• Now, move into a reverse plank (butt towards the ground, heels on the floor, arms propping up your body, head towards the ceiling, core tight)
  • Hold for 15 seconds.
  • Switch to left side plank and hold for another 15 seconds.
  • Perform this sequence 3 times total.

Good Mornings

Your hamstrings work in tandem with your glutes to support the hips. If they’re tripwire tight, then your knees — and body in general — suffers. Good mornings help stretch and strengthen the hamstrings, while also working on general core strength. “Ideally you’ll take the exercise through a full range of motion, going from 0 to 150 degrees,” says Mandelbaum.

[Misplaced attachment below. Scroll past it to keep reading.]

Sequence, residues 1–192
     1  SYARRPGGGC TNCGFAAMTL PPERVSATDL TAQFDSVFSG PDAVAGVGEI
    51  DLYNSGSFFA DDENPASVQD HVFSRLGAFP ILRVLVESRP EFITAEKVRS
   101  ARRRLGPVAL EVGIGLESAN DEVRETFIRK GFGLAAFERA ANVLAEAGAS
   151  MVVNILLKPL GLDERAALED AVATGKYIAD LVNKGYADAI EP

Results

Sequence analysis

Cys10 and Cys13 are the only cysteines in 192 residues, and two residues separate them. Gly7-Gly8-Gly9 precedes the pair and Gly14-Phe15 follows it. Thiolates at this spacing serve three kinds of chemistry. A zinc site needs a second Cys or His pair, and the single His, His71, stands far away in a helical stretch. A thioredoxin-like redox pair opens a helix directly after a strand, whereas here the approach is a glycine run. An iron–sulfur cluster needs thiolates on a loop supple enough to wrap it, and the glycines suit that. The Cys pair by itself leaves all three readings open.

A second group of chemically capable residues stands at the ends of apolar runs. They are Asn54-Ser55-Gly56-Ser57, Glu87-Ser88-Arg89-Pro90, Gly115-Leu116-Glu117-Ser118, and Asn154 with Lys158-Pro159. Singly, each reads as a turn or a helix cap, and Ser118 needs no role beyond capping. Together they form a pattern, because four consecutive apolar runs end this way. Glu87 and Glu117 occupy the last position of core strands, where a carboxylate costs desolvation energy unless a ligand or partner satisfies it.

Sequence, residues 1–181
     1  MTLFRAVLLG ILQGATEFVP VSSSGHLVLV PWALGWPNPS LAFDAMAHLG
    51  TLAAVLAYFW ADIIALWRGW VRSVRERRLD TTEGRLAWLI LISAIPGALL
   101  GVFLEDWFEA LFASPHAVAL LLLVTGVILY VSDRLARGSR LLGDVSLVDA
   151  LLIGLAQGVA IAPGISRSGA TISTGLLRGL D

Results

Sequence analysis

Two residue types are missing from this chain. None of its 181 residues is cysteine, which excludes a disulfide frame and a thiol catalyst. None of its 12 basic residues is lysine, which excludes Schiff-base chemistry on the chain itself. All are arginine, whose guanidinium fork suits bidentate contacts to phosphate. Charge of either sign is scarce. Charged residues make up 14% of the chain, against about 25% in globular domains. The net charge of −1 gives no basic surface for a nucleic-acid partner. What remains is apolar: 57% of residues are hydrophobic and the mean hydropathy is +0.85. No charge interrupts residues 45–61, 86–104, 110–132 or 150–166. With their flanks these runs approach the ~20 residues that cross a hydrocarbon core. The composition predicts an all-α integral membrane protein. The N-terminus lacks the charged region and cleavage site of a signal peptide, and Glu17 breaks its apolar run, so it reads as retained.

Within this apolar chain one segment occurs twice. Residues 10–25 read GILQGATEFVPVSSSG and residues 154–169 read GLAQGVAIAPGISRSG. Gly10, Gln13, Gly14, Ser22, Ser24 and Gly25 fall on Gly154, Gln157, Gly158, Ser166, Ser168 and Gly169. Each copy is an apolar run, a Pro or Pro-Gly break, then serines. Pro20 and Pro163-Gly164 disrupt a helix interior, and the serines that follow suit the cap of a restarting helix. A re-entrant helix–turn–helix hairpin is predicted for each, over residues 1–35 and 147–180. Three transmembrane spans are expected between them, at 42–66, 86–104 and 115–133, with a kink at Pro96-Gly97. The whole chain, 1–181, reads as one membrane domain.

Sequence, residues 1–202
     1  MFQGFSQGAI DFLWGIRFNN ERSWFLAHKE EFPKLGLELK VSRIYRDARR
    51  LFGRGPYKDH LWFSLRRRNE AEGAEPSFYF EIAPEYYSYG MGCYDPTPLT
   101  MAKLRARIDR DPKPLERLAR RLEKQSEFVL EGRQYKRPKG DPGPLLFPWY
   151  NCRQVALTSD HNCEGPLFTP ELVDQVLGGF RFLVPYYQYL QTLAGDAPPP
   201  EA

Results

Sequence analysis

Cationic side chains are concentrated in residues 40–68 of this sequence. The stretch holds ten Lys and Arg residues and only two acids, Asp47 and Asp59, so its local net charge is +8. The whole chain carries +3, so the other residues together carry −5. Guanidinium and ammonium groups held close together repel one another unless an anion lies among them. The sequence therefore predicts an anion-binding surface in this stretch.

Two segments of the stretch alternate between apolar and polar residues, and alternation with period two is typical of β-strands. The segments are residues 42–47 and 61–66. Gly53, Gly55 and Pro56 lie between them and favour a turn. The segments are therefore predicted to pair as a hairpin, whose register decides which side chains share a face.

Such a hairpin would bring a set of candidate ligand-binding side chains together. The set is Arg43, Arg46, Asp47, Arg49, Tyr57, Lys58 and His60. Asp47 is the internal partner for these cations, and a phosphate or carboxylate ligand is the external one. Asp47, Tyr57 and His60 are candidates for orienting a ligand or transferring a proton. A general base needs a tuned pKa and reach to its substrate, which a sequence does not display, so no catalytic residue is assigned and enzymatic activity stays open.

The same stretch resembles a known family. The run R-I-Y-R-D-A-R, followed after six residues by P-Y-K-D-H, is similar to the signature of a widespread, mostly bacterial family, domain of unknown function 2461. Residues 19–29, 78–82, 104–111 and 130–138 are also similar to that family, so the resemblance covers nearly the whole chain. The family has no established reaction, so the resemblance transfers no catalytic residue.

How To Do It

  • Stand with your knees slightly bent.
  • Hinge forward, moving your weight into your toes, as far as your hamstrings allow.
  • Stand and repeat. Do three sets of 12 reps.

One-Legged Dead Lift To Row

“You need to have equal stability and capability in both legs,” says Mandelbaum. “When one is stronger than the other, there’s a good possibility for injury.” He adds that all one-legged exercises are designed for one thing: “To get you away from cheating and focusing on just your dominant leg.”

How To Do It

  • Stand holding a weight in your right hand in front of you with your arms straight.
  • Slowly hinge forward, raising your right leg straight behind you, keeping your hips level until your back is parallel with the floor, and arms still extended in front of you.
  • Keep your shoulders down and slowly bend your elbow to pull the weight to the right side.
  • Straighten your arm to lower the weight down, and stand to return to start.